The consequences of killing Saul, or Why I shouldn’t criticize priests

Well, I finished the gospel of Matthew and decided to go back to the Old Testament for my lectio divina time. I began the second book of Samuel. King Saul has died during a battle with the Philistines, a young man reports to David. Saul had tried to kill himself by falling on his sword, but his life was still lingering. He asked a passer-by, the young messenger to David, to give the final blow. The man acquiesces. David, in terrible grief, asks him, “How is it you were not afraid to put forth your hand to destroy the LORD’s anointed?” (2 Sam. 1.14)

Think about this a minute. This is the same Saul who tried to kill David on three separate occasions; who twice came out to kill him in the wilderness (and on both occasions David could have killed Saul but spared him); who consulted a witch, against God’s express commands; who the Spirit of God abandoned (1 Sam. 16.14). Saul was not a good king, not a good example to his people, or a good worshiper of God. And yet David, the man after God’s own heart, defends him and respects him, in life and in death.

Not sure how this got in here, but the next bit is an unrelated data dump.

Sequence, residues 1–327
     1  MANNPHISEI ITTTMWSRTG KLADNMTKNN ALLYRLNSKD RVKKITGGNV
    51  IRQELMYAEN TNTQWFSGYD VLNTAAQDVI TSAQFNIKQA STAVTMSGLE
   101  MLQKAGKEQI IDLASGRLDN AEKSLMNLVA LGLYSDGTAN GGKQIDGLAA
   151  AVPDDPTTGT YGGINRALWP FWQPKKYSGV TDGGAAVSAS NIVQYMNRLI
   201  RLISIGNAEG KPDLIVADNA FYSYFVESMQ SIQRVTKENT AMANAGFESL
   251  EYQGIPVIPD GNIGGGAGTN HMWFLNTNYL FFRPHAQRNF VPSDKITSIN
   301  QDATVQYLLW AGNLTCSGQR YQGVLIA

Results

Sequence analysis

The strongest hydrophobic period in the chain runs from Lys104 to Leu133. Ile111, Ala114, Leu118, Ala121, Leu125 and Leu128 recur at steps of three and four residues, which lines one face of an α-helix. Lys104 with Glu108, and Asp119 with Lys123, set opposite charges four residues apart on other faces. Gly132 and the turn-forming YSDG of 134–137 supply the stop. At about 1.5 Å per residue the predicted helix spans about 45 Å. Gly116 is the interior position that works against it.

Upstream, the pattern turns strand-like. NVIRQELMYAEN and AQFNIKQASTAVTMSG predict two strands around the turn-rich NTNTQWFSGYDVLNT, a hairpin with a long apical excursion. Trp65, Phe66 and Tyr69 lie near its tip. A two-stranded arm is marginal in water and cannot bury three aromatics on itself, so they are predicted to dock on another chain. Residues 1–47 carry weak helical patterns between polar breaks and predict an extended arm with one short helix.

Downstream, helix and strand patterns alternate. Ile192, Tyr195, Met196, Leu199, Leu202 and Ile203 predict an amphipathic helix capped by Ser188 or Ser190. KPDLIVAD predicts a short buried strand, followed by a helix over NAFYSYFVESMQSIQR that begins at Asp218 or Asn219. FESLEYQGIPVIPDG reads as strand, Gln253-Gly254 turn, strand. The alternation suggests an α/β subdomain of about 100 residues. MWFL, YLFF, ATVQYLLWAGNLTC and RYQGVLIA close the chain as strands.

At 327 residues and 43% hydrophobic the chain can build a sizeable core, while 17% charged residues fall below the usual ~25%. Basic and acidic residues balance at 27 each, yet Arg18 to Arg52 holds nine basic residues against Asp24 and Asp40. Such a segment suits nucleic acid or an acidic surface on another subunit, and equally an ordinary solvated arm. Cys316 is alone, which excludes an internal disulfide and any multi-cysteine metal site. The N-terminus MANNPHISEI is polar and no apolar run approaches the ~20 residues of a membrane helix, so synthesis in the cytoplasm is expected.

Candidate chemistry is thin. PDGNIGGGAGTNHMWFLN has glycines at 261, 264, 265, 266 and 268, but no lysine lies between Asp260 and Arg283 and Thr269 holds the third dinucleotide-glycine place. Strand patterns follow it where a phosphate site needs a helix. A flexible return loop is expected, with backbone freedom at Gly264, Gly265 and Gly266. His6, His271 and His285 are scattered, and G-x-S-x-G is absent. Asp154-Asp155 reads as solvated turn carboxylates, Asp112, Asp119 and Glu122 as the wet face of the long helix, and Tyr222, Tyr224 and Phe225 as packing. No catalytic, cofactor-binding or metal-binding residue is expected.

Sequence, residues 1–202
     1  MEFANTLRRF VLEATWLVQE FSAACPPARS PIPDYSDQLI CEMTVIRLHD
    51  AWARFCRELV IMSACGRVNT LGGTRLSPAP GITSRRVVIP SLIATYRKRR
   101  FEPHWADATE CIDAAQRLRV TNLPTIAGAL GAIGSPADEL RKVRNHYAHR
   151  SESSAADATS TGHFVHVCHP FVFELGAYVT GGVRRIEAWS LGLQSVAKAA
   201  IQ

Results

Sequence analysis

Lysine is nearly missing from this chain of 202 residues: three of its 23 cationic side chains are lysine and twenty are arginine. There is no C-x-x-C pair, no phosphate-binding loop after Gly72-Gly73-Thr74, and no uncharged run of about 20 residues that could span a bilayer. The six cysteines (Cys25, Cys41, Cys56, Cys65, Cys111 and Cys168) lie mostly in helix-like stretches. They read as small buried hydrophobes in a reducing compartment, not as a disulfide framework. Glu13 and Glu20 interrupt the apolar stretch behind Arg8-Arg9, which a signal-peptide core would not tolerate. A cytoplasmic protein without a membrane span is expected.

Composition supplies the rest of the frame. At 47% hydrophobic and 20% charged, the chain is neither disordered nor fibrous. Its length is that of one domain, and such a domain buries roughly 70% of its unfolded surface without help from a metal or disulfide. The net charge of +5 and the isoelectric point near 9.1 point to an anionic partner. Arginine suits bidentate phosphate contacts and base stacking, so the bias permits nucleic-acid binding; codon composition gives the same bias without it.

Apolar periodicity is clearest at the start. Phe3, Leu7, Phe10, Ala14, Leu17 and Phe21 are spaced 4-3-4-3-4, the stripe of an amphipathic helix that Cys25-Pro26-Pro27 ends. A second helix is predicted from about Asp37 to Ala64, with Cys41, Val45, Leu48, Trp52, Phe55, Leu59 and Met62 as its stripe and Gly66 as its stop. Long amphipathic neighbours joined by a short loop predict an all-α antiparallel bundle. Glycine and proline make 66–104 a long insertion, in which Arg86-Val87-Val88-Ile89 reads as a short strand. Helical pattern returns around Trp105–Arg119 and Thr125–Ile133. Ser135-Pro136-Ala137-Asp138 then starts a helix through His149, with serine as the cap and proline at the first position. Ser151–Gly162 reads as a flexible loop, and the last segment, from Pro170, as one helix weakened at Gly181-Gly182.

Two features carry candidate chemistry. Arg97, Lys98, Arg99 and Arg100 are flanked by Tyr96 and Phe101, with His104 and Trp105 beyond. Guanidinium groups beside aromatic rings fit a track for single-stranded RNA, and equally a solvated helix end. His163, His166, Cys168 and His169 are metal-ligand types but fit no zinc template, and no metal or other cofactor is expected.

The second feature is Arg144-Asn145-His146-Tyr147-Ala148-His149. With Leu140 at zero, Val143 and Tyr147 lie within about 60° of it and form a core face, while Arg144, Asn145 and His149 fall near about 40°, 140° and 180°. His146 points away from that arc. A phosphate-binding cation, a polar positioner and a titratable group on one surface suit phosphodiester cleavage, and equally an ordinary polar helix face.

What does this have to do with priests? Roman Catholic priests are the LORD’s anointed. They have been chosen by God to be His ministers. They are in persona Christi –in the person of Christ. These men, however, are human, and like Saul, sometimes make poor choices. Sometimes they are bad examples and poor reflections of Christ. Like me. Like you. What can I learn from David? Each and every priest is God’s anointed, whether he acts like it or not. Whether he gives good homilies or not. Whether he follows the rubrics of the mass or not. My response to him should be always one of mercy. Like David, I need to defend and respect God’s anointed. Most especially, I need to pray.

 

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